Tumors in the appendix are very rare, and cancer of the appendix is even rarer. Patients usually don’t even notice that they have tumors in the appendix until it causes a blockage or when the patient undergoes imaging tests.
If a patient has a tumor or cancer in their appendix, the usual process would be to just take out the appendix completely. However, if tests show that the growth is cancerous, a patient might undergo more tests to ensure that cancer has not yet spread to other parts of the body.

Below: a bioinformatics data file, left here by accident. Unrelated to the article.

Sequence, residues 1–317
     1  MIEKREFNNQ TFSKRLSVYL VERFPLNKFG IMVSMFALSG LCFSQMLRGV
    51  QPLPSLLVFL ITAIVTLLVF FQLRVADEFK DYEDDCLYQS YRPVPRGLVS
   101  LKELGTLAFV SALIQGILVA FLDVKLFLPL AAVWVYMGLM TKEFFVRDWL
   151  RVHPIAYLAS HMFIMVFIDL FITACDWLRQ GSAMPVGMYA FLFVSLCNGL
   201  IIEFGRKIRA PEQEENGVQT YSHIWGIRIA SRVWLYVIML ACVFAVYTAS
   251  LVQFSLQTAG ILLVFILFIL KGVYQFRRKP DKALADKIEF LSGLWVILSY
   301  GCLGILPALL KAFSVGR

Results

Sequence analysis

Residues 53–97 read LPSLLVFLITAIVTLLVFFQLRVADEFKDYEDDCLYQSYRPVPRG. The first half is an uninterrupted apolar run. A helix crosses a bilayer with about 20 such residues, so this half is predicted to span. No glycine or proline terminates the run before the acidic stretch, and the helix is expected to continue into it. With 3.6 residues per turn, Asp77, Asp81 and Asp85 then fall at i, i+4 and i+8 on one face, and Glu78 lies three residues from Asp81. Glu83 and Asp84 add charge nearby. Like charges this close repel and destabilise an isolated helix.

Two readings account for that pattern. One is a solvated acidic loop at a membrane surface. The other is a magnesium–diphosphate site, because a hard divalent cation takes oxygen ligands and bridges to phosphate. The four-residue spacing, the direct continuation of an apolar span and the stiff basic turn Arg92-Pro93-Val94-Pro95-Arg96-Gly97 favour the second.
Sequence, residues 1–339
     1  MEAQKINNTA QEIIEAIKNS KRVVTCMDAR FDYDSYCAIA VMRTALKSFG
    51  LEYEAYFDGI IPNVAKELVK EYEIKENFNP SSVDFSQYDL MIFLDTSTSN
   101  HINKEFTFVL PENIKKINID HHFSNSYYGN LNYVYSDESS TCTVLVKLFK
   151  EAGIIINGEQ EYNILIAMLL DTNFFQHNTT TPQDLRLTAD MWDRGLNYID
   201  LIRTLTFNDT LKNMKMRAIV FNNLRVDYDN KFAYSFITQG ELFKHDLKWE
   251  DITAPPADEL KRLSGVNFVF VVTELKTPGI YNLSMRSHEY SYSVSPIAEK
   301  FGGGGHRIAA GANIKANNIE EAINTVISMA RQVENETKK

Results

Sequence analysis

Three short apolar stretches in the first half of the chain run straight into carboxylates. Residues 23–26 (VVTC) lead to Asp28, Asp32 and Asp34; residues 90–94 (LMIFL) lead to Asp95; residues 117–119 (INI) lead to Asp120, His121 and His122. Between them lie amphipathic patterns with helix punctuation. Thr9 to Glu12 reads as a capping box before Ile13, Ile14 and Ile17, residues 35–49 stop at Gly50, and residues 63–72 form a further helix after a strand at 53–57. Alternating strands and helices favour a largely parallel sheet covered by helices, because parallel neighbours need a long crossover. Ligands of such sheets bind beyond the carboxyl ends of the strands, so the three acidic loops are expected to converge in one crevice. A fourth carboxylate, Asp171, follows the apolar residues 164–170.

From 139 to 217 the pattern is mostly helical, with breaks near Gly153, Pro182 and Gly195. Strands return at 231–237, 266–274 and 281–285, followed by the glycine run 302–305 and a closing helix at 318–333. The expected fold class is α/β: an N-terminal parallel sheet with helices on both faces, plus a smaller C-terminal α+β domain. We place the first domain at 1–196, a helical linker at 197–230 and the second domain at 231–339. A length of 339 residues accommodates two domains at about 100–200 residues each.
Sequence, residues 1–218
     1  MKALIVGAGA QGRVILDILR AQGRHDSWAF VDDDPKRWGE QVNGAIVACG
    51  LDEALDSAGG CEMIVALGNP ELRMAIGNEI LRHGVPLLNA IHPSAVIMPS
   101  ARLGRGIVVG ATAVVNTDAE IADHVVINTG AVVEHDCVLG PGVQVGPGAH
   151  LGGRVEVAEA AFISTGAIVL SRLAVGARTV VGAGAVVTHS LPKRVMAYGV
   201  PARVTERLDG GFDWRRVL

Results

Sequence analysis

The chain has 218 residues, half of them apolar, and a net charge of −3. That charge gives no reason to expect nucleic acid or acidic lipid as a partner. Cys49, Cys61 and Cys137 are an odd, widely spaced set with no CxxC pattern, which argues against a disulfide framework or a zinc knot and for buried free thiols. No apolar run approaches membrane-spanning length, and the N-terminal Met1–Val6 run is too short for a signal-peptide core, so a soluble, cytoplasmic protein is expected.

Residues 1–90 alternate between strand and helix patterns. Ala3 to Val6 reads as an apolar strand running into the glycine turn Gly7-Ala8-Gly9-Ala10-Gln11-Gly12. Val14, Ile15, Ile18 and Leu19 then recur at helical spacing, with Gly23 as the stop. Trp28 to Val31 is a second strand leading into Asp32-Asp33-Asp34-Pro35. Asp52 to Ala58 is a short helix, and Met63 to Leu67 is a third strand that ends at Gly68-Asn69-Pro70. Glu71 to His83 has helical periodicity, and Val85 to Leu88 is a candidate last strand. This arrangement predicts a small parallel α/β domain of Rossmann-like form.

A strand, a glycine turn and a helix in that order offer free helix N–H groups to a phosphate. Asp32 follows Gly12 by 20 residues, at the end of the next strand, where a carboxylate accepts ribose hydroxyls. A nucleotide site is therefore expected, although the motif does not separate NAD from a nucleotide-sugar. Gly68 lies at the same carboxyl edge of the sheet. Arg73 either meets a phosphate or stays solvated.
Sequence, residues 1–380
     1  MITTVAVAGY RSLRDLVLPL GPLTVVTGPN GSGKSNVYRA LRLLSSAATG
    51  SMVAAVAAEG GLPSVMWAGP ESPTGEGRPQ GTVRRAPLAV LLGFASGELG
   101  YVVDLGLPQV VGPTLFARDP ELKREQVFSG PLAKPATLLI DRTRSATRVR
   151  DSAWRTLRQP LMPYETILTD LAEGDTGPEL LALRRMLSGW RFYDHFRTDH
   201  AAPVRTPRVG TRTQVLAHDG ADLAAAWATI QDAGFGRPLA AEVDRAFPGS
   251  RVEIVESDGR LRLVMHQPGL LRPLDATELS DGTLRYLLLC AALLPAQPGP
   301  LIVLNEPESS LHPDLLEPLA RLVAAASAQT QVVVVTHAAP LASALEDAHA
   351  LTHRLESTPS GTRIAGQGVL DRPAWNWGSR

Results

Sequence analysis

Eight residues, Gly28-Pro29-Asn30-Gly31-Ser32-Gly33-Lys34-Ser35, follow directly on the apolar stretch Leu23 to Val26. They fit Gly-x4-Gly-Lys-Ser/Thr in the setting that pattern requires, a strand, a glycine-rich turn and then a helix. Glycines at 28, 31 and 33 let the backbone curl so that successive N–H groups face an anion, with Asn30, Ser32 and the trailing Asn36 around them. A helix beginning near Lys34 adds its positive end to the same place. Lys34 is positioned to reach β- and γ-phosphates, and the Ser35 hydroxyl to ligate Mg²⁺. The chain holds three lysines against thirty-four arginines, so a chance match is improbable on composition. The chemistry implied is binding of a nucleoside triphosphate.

3. Trauma or injury
Lastly, doctors have also found that appendicitis can occur in patients who have experienced trauma or injury to their abdomen.
Usually, when a person experiences blunt trauma to their abdomen, the intestines and other organs in the abdomen get injured. But in very rare cases, the appendix can also be damaged.
What happens is that a hematoma or sometimes, impacted stool, can block the appendix. Bacteria can then build up inside the appendix, causing inflammation and appendicitis.
Patients might need to undergo additional tests in order to diagnose appendicitis caused by trauma or injury. This is why it’s important for patients to also be mindful of their symptoms, and don’t hesitate to talk to their doctor if they feel something might be wrong.